Has the FBI Gone too far in Investigating White-Collar Crime and Fraud?

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A recent Wall Street Journal article describing the FBI’s use against suspected financial criminals of techniques normally used to hunt terrorists shows how seriously white-collar crime is being viewed these days. It also vindicates those who sounded warning bells after 9/11 when Americans were asked to trade civil liberties for the promise of national security. Those who argued against the slippery slope of government encroachment on civil liberties were accused of aiding terrorists:

“To those who scare peace-loving people with phantoms of lost liberty, my message is this: Your tactics only aid terrorists; for they erode our national unity and diminish our resolve. They give ammunition to America’s enemies, and pause to America’s friends.”

- Attorney General John Ashcroft, December 5, 2001

However, the argument that we can increase national security by reducing civil liberties is an illusion; when we make ourselves less free, we are not safer, we are simply less free. Many Americans wrongly assume that constitutionally suspect FBI intelligence-gathering techniques will never be used on them. But, over time, what was once extraordinary becomes normal. The baseline continues to slide. Since 9/11, the DOD, FBI and other U.S. agencies have been engaged in domestic monitoring activities reminiscent of those used during the Vietnam era that outraged the public and led to new limits on domestic military intelligence gathering. In fact, a database established at the direction of the DOD to track potential terrorist threats includes “suspicious incidents” and “threats” such as anti-war activists gathering at a Quaker meeting house in Florida. So it is surprising that the FBI’s recent announcement that it is applying techniques used to hunt down terrorists against those suspected of financial crimes has garnered so little attention.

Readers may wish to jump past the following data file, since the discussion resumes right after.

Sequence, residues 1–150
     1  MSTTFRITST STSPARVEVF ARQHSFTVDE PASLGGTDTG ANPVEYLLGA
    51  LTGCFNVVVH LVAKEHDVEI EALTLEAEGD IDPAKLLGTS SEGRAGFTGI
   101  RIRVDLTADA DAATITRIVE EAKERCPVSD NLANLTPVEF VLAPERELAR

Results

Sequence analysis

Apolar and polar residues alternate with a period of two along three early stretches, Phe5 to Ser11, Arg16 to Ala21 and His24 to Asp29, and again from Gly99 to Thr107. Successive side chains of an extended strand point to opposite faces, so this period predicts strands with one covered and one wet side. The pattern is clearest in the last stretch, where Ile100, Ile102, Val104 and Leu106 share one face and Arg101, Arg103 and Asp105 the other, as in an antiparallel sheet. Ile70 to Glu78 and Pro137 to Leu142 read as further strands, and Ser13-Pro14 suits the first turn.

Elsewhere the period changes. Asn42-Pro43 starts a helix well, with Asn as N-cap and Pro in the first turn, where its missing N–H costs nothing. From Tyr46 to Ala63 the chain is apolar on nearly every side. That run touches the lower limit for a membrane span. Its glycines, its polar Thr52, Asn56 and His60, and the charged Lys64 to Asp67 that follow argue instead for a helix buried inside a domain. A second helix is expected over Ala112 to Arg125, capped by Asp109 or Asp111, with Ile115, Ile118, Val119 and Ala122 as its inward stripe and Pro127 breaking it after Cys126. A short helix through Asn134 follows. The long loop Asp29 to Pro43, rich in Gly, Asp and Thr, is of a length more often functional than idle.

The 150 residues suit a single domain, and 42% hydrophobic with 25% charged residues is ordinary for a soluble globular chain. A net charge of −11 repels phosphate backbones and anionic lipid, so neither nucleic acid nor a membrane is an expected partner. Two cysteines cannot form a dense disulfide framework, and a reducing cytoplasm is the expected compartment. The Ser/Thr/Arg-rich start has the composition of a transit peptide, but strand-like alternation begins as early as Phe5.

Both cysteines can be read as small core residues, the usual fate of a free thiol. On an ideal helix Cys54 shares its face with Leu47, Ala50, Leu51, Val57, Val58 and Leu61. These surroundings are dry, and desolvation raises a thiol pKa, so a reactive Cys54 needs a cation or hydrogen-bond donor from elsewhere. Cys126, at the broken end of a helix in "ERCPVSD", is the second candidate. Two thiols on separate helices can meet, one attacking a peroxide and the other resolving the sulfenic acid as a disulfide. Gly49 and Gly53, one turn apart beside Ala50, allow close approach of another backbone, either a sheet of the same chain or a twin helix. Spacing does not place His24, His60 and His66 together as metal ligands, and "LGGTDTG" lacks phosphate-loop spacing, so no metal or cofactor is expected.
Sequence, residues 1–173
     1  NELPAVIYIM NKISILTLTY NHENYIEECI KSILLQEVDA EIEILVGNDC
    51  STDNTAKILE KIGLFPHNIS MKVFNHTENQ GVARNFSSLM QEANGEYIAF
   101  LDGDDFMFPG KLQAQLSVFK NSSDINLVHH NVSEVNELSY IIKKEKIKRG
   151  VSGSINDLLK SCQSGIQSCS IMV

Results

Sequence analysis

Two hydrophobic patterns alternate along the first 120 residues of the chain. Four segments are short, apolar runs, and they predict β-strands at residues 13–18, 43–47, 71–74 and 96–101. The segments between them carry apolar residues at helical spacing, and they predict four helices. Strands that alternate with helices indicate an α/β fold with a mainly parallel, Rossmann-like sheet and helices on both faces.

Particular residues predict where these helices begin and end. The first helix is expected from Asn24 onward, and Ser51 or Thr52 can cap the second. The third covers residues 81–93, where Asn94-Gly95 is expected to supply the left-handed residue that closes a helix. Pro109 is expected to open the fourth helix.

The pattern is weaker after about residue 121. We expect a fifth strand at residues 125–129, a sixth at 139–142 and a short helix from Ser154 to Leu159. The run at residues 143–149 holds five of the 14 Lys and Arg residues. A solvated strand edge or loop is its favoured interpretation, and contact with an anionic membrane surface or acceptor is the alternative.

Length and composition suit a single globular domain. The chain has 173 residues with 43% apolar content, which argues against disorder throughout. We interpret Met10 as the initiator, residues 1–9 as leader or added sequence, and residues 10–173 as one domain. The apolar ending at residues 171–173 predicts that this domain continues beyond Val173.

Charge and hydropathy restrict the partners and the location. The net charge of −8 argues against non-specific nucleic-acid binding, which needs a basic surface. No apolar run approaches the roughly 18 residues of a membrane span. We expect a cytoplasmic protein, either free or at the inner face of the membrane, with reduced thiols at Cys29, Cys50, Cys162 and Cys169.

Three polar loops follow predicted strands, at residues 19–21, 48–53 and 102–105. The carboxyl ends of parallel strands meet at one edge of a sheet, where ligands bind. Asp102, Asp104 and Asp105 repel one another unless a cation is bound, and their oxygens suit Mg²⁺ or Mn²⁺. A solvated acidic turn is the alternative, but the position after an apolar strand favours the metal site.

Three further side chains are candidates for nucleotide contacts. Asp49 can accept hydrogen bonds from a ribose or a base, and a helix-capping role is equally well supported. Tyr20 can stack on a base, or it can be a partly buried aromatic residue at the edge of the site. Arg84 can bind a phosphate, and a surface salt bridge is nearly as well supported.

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DISCLAIMER: Because of the generality of this update, the information provided herein may not be applicable in all situations and should not be acted upon without specific legal advice based on particular situations.

© Jeff Ifrah | Attorney Advertising

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